Local film fest returns to the Fox Valley
By Emmi Colford
Wildwood Productions, Inc. hosted the twelfth annual Wildwood Film Festival at the Fox Cities Performing Arts Center in downtown Appleton March 16.
The event included four sessions at 1, 3, 6 and 8 p.m., each one comprised of about ten film screenings.
Thirty-eight local independent filmmakers gathered to showcase their short films to a live audience.
"Honestly, it was extremely terrifying because it was personal. To let someone in, especially an audience, that was not something I was accustomed to but I would love everyone to be in that position and share their own personal story because it's an amazing thing," Jamie Fletcher, star of Marc Golde's short film Introducing Jamie Fletcher, said.
The three men who comprise Wildwood Productions, Tom Thorne, Craig Knitt and Jason Buss, reach out to audiences ranging from high school students to adults, teaching filmmaking essentials.
Wildwood Productions strives to encourage local talent in films, from directors to writers to actors, through the creation of this film festival.
"I use films as therapy to make life decisions," writer, director and producer of the film 3 Miles East Samuel Karow, said.
When the film festival first began in 2001, Wildwood Productions showcased ten films, including a full-length dark comedy called "The Hunt", which was made by the festival's founders.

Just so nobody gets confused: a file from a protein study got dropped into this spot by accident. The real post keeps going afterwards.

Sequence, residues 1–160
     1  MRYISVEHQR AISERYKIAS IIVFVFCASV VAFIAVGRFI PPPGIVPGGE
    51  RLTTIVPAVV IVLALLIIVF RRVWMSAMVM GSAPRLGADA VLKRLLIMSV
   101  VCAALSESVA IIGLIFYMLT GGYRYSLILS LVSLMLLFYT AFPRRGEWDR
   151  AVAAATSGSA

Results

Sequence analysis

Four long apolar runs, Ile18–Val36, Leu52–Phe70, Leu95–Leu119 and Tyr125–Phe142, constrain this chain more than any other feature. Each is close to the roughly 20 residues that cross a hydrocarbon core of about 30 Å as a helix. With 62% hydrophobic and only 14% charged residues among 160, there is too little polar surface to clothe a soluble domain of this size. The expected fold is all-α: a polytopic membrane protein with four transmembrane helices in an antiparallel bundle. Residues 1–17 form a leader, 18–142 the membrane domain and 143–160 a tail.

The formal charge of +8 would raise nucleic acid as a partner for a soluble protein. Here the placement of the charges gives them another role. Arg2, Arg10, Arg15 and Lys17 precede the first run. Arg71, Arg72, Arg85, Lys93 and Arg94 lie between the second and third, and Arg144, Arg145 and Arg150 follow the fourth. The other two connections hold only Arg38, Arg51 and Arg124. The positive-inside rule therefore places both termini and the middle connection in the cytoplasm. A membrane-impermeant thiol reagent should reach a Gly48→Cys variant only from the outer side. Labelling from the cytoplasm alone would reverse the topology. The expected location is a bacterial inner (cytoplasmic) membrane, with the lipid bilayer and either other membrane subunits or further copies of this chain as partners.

"Basically, my film class was told to come up with an idea that was very personal to us. I'm really interested in exploring things that trouble us and challenge us and getting out of our comfort zone is something everyone can relate to," writer, producer and director of "Comfort Zone" Ashley Cross, said.
This year premiered a Filmmaking 101 workshop, designed to teach aspiring film artists about lighting, sound, filming, editing and marketing, as well as how to create storyboards and write scripts.
Each film presented brought a new element of aestheticism to the audience through comedy, drama, experimental, science fiction, music video, documentary and western genres.
Audiences best received the comedies Mr. and Mrs. Capulet, written and directed by Patrick Finn, and "Filling In", written by Timothy DeWitt and directed by Kris Schultz.
"Mr. and Mrs. Capulet" is about a news crew who interviews Romeo and Juliet, now in their mid-40s, and shows not all true love lasts forever. The latter short film, Filling In, is the story of Cupid taking over the Tooth Fairy's job after she quits her dental duties.
"Everything the audience saw there was created in two days – wrote it, filmed it, edited it and all the music," DeWitt said.
Wildwood Productions hopes to continue the Wildwood Film Festival for many years to come. For more information about the festival, please visit www.wildwoodfilmfest.com.